In just two years, rooftop solar startup Sola.Energy has grown to 25 staff and pivoted into a solar-as-a-service model that founder Alan Hunter says will improve the sustainability of his fledgling business.
Hunter says Covid shutdowns prompted the company to rethink the sustainability of the business and subsequently change its entire business model. It’s since teamed up with energy retailer Locality Planning Energy to offer its customers rooftop solar and battery plans that are just like phone plans from telecommunications companies.
The rooftop solar on-demand model is not the first attempt to disrupt the traditional ownership model for rooftop solar that locks out customers that can’t afford the high upfront capital costs and those who don’t own their roofspace, such as renters and tenants.
There’s a range of providers offering power purchase agreement and other options that reduce upfront solar kit costs for households but what makes Sola.Energy unique, according to Hunter, is its partnership with an energy retailer.
Compared to some of other rooftop rental agreements that result in one bill for the solar system and one from the retailer, his service results in the customer having only one bill.
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“Customers just want it to be simple. Energy is already complicated enough.”
Teaming up with a retailer also makes navigating the complex regulatory environment easier.
“The energy sector is very regulated on the retailer front and not on the distributor side, anyone can sell energy. That’s why we work with a distribution model and sell to a retailer and they then they sell to the customer.”
The challenges in the rooftop solar industry
The traditional rooftop solar industry is incentivised to put in as many cheap solar systems as possible, Hunter says, which has left many Australian households and businesses with broken or poor performing solar systems. Hunter says around one in five solar systems in Australia are faulty or not performing at their best.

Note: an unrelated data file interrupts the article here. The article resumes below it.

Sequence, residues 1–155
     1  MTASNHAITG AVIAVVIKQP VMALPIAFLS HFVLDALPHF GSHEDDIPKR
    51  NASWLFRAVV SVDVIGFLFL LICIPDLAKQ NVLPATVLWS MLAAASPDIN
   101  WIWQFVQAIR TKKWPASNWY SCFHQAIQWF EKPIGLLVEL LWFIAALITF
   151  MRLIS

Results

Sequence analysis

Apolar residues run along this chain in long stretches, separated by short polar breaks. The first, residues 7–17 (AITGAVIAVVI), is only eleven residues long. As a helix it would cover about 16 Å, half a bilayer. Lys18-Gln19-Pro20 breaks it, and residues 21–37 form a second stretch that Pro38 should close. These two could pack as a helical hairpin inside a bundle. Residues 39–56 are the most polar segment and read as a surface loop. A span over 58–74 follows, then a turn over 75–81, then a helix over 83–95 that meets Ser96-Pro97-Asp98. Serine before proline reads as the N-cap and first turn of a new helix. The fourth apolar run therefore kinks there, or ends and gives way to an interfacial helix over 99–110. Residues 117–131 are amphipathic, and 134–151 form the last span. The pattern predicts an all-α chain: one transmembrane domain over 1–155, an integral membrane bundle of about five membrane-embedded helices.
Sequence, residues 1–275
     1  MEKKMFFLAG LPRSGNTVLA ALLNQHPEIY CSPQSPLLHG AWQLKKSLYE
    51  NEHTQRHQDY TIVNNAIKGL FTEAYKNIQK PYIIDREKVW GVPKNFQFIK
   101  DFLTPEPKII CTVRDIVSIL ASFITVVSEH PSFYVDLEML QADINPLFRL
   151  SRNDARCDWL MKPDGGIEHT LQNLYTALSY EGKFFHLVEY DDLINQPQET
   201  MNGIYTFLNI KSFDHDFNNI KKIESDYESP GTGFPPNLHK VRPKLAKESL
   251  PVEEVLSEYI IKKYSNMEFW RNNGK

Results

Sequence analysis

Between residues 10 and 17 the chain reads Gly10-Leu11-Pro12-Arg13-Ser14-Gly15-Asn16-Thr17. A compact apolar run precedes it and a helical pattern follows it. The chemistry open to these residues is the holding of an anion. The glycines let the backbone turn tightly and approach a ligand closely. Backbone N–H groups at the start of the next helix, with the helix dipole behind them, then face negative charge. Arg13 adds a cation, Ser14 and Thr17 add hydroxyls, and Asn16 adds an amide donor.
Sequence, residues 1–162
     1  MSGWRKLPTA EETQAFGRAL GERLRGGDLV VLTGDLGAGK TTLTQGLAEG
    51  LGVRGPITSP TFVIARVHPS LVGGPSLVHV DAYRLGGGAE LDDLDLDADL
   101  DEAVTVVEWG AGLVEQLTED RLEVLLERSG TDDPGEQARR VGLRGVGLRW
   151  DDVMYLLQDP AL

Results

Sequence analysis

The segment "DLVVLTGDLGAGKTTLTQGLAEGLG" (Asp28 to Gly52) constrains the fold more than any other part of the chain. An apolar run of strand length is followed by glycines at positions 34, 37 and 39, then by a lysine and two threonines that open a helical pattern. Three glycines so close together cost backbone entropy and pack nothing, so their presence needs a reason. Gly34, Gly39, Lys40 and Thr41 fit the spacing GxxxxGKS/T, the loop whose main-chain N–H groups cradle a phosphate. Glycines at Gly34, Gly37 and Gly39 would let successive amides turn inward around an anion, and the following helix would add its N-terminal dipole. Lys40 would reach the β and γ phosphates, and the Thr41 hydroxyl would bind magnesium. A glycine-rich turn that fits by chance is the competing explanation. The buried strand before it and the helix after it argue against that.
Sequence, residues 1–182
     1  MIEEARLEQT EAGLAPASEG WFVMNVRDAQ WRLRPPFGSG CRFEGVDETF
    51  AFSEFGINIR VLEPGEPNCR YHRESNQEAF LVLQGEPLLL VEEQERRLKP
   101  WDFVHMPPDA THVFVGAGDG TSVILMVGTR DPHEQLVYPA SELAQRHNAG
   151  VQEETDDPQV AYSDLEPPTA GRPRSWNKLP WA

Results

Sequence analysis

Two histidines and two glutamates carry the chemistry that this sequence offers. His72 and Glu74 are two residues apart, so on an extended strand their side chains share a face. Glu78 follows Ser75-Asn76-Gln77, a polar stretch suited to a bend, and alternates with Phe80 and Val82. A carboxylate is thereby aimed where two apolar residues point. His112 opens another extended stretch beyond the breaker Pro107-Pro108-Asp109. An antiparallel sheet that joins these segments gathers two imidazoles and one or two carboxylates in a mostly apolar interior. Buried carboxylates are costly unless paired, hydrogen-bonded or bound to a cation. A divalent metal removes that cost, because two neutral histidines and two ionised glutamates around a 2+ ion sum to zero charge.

Under the service model, which is essentially a power purchase agreement, his company retains ownership of the solar kits and rents its customers roof space. As such, its driven to install high quality systems and ensure they are working optimally. The ongoing maintenance and monitoring systems is also a win for longterm business stability, he adds.
“There is a huge irony that solar companies aren’t sustainable … they are driven to keep selling.”
Competing with the grid
Hunter sees solar offerings like his competing against the grid, saving people money because they avoid the 60 per cent of a standard energy bill that goes towards the substations, powerlines, underground cables and power poles that move energy around. He says his system can save his customers 30 per cent on their energy bills.
The model also opens up new doors for clean energy investment. Investors can purchase a solar panel through the company’s network that is install on the roof of a producer. The investment covers the cost of the panel, installation and maintenance, and the producer then pays the reduced monthly energy bill and the cash from those bills goes back to investors, offering a 14 per cent return on their investment.
For renters, which is a 3.2 million market in Australia largely locked out of the market due to the split incentive issue, the model allows landlords to profit or yield from their roof, while the consumer ends up with cheaper costs.
For property developers and investors, the model eradicates capital costs of rooftop solar and batteries that lower bills for prospective customers. “We want to lease their roof and they can yield from their roof.”